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Canola calacitic lime trial, mid-August.

The Balancing Act

Recent research indicates that liming can improve soil health, increase pH levels–and boost yields.

Recent liming research completed in Prince Edward Island shows that applying lime to the soil does not increase the occurrence of scab when scab-free seed is planted. Robert Coffin, president of Potato Consulting Services Inc., conducted the lime research trials on his farm near Green Bay, P.E.I. last year.

Scab, a bacterial disease, is a major problem worldwide that can impact tuber quality. Coffin’s liming trials generated much interest, as very little research has been conducted on lime in recent years. Coffin’s research addressed growers’ concerns that the severity of tuber scab increases when large quantities of lime are added to acidic soil.

“When we planted clean, scab-free tubers, the lime did not increase the amount of scab on the new tubers,” he says. “However, and planted really scabby tubers, when we applied lime, it did increase the scab on the new tubers.”

Coffin’s trial, which was conducted in a field with low pH (4.5 to 4.7), also showed that lime has beneficial effects the first year it is applied, and positive effects on subsequent crops as well, such as barley and soybeans. He recommends using lime if the soil is highly acidic, as it will improve the soil’s pH and increase yields.

Coffin, who is currently conducting a large scale liming research trial for the Brookville Lime Company, obtained the two lime samples, calcitic and dolomitic, for his 2010 trial from the Saint John, N.B.-based company.

Sales representative Glen Swallow says the Brookville Lime Company supplies a large amount of agricultural limestone to growers throughout the Maritime provinces and New England. The soils in Atlantic Canada are naturally acidic and have a pH of 4 or 5, making it difficult for crops to grow, says Swallow. “Lime helps increase your pH level,” he says. “And once you have your pH in the 6 or 7 range, the efficiency of the fertilizer you use increases drastically.”

Growers in Atlantic Canada can expect to pay between $40 and $125 per tonne for the lime, depending on the hauling distance and spreading costs, says Swallow, noting lime is more cost-effective than other magnesium sources.

Widespread Appeal

Growers across Canada are using lime to improve the pH levels of their soils. Randy Baron, a farmer from Carberry, Man., has been applying lime to his fields for about 10 years. “The lime alone has provided us with improved pH levels throughout our fields,” he says. “[Liming] has consistently given us a good, uniform crop.”

Baron applies lime once every three years following the potato harvest. He receives the lime from the City of Brandon at no cost, and has to pay approximately $8 per tonne for application, which is done by Notre Dame, Man.-based company Assiniboine Injections. This arrangement is a win-win for both the growers and the City of Brandon, says Baron, who estimates that about 80 per cent of the growers in his area are using lime.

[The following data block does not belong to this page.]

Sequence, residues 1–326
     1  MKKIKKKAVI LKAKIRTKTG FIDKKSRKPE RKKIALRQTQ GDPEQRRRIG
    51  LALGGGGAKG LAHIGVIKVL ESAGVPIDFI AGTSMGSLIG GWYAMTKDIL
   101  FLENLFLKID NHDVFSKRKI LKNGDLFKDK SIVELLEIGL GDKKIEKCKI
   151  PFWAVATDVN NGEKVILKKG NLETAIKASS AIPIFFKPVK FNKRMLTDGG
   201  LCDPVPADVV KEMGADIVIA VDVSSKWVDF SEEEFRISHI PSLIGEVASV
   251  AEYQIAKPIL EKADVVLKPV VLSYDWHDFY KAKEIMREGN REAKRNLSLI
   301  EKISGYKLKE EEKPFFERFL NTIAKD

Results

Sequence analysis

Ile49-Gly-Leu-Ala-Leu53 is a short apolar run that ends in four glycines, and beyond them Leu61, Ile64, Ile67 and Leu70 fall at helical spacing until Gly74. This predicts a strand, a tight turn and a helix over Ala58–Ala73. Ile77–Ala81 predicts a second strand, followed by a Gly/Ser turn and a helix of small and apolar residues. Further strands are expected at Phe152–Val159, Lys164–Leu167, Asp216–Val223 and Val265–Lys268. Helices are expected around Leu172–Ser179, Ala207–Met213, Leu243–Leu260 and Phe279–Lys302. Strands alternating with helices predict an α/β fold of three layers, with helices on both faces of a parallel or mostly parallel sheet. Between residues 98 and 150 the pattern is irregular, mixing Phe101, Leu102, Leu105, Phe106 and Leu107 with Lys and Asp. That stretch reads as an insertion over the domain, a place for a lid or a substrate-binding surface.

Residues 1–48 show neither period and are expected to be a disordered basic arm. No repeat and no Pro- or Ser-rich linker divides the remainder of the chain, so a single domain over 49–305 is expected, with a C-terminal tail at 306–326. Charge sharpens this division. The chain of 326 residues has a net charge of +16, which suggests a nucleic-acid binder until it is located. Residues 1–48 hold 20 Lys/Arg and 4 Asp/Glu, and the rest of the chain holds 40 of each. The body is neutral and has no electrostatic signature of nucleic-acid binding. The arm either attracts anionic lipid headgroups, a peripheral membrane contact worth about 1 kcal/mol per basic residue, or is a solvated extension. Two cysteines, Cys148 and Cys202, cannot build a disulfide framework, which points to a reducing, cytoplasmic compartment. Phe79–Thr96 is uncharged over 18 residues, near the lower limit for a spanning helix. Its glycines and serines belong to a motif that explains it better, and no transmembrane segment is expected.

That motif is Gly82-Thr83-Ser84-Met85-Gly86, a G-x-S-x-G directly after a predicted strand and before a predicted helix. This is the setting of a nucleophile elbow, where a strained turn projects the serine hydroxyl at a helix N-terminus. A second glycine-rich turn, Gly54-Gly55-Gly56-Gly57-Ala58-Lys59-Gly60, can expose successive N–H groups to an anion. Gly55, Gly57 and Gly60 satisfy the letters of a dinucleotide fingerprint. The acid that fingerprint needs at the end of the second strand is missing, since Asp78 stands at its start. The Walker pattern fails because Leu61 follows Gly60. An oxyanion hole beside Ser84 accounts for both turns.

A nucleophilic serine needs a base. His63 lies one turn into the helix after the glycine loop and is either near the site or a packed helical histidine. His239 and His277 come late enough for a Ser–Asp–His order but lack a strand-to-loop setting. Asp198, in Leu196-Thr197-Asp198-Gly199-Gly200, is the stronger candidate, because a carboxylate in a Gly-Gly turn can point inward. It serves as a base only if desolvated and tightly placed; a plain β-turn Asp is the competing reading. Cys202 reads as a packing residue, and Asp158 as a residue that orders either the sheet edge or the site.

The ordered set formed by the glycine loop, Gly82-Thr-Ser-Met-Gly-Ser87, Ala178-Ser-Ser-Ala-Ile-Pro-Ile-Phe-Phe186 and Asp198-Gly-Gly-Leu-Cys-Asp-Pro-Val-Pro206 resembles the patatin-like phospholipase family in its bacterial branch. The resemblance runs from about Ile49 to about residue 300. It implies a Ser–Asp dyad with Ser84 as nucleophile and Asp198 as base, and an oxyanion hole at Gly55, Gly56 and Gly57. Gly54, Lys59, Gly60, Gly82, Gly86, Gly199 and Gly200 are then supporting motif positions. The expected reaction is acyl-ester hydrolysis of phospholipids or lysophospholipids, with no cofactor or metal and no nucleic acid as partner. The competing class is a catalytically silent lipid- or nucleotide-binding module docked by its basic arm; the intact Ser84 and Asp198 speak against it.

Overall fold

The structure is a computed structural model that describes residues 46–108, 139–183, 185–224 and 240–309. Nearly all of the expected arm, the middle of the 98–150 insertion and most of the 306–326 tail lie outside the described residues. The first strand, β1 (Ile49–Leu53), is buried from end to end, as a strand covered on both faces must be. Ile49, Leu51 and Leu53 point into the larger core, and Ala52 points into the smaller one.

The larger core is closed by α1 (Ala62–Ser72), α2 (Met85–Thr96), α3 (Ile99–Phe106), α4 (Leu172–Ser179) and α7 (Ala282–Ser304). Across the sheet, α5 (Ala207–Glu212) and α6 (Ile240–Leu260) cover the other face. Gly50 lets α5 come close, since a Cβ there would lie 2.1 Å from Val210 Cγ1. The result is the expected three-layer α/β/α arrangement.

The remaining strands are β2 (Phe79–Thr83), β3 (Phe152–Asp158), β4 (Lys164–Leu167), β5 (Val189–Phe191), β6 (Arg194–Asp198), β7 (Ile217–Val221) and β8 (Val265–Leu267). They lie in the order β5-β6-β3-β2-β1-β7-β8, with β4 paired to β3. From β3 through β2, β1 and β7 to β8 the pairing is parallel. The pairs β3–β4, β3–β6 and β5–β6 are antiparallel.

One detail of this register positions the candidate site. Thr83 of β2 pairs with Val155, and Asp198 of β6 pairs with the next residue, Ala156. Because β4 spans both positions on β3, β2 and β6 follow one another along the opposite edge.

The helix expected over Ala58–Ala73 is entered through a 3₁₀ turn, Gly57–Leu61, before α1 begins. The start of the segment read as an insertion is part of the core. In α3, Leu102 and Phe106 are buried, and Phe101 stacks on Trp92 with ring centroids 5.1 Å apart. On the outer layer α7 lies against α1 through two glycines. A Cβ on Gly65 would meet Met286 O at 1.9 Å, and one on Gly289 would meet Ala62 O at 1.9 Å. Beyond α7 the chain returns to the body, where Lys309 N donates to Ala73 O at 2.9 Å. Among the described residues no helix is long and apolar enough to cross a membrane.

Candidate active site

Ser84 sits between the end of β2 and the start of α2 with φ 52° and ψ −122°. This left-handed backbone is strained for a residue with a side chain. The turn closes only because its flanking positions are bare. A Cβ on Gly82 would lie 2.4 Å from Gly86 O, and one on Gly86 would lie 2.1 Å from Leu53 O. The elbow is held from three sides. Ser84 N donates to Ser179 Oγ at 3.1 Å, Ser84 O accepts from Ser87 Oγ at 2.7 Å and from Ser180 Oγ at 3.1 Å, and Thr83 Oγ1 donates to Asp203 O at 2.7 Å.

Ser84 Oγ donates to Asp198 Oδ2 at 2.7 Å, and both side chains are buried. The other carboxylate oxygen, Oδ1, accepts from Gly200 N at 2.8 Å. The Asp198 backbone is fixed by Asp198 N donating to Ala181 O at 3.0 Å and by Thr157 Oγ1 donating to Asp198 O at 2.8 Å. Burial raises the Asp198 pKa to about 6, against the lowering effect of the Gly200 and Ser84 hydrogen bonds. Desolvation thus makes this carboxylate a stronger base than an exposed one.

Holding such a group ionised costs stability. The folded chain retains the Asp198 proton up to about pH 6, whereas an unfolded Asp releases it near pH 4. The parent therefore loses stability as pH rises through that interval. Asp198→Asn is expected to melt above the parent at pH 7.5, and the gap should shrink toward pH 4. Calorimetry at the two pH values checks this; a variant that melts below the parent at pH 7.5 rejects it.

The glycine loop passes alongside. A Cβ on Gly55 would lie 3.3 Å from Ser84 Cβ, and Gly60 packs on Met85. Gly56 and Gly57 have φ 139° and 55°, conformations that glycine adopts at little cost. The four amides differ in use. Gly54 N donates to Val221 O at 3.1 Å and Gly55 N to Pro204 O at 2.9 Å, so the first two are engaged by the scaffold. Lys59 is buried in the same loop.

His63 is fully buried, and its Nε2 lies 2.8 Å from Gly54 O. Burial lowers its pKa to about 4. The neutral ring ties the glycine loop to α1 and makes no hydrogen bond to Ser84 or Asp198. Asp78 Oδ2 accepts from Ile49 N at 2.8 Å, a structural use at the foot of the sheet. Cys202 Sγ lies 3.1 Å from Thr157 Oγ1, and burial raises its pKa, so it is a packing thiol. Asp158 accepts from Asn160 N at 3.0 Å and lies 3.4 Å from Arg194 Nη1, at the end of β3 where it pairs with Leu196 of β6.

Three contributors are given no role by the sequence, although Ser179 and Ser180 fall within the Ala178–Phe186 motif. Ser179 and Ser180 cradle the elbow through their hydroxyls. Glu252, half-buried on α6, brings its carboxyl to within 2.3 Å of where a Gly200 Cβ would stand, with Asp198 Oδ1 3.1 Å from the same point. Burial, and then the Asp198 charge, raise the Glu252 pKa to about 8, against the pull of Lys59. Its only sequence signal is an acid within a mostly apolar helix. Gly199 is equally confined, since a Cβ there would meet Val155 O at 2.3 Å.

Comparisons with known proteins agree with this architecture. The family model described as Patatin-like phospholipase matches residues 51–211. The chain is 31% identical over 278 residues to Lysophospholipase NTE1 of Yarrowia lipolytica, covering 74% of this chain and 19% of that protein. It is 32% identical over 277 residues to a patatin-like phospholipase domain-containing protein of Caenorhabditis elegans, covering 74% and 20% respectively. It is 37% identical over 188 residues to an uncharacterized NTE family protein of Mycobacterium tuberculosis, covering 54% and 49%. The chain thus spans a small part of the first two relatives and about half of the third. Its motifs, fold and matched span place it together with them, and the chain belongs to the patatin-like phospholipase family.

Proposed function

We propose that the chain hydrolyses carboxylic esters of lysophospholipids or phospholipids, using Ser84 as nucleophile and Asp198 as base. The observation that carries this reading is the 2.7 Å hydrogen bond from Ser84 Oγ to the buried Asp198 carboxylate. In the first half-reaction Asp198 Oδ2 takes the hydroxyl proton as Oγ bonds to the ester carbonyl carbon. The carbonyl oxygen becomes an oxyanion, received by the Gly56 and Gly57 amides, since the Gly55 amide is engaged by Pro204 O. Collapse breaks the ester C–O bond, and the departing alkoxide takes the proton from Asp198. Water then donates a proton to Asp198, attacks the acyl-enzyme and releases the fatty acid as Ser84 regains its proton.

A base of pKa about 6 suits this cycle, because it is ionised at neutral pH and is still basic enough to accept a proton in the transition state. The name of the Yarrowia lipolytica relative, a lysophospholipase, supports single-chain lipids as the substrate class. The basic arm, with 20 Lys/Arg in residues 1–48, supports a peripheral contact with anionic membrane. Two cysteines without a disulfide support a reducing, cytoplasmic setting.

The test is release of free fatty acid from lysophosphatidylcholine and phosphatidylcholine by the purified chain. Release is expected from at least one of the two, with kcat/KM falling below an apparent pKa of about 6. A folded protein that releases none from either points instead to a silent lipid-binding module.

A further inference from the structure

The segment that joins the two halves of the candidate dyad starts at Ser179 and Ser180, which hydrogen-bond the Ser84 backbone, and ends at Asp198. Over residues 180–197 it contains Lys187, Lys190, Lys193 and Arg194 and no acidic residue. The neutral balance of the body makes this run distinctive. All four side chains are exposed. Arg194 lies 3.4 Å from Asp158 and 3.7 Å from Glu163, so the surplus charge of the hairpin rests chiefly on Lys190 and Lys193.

Baron has been working with crop consultant Trevor Thornton of Crop Care Consulting Ltd. Thornton says his Manitoba growers have applied approximately 12,000 to 13,000 tonnes of lime each year on their fields for the past several years, and their soil pH levels have improved.

Rototilling lime into the soil.

Rototilling lime into the soil.

Benefits of using lime include better nutrient uptake, which is reflected in improved yield and potato quality, says Thornton, noting that his growers are also seeing these benefits in rotational crops. “This is a multiple-year programmed approach. The soil didn’t get that way in one year, and we’re not going to fix it in one year,” he says.

Thornton recommends liming to most of his growers. It’s still a fairly new idea to some, but he expects the use of lime to grow in popularity in coming years.

Thornton works with A & L Canada Laboratories, who have also completed some liming research. Research conducted by the London, Ont.-based company in 2007 yielded similar results to Coffin’s liming trial.

According to A & L president Greg Patterson, calcium levels must be increased in the soil, but growers hesitate to lime potato ground because of scab.

“The research that we did showed that it was not pH or calcium that caused scab,” he says. “However, if other nutrients such as potassium and magnesium were out of balance, we had a problem with increased scab on potatoes.

“We now have a lime program that we use in the field on a regular basis, where we lime to a base saturation of 40 to 45 per cent calcium until we correct the balance of potassium and magnesium in the soil,” he says, “and then we increase our lime applications when that’s in check.

“Your pH is number one. If it is not right nothing else is going to work properly,” says Patterson. “Potatoes can tolerate lower pHs but they do much better in a higher pH.”

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